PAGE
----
Emerging infectious diseases are a growing threat and present major challenges to communities worldwide. The Emerging Infectious Disease Scholars (EIDS) program of Brown University recognizes the specialized research and educational needs that are essential to nurture future healthcare providers so they are well equipped to prevent and manage epidemics.
The EIDS program is designed to inspire, train, support, and retain students as a community of scholars to become leaders in research and treatment of emerging infectious diseases.
Emerging Infectious Disease Scholars participate in a clinical research project guided by a primary mentor. Scholars participate in journal clubs and research seminars with faculty guidance and peer support, as they develop, implement, and publish their research projects. The EIDS program invites guest speakers, offers field trips, and facilitates networking events to build outreach opportunities for scholars. Research is enhanced through coursework within the Warren Alpert Medical School of Brown University and the Primary Care-Population Medicine (PC-PM) curriculum. Eligible EID scholars within the PC-PM program will receive a Masters in Medical Science. Scholars are encouraged to publish their work in academic journals and present at national infectious disease conferences. Topics studied by current EID scholars include tuberculosis, HIV, hepatitis C, Ebola, pediatric infectious diseases, and other infectious diseases in underserved communities, both locally and globally.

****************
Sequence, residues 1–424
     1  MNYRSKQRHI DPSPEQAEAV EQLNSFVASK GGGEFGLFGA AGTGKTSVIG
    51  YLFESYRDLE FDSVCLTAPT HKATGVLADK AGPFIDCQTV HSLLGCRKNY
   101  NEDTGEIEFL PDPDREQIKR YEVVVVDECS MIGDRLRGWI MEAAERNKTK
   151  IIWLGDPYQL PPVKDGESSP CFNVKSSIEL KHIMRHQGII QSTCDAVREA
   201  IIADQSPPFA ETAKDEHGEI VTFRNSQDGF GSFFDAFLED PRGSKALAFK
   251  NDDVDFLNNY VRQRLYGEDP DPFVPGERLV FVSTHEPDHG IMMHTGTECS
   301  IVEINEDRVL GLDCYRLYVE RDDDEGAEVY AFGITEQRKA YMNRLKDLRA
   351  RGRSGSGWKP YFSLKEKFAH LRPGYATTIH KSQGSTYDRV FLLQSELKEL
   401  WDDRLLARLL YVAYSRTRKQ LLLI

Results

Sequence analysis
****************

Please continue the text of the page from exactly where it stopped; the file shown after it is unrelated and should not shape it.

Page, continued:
The EIDS program is grant funded through the National Institutes of Health: National Institute of Allergy and Infectious Disease (R25AI140490).
For more information about the Emerging Infectious Disease Scholars program or if thinking about applying, please email [email protected]. To apply, all interested students must submit a completed application, letter of support, along with proper CITI certification and IRB documentation, to be reviewed for considerations by the EIDS Executive Committee.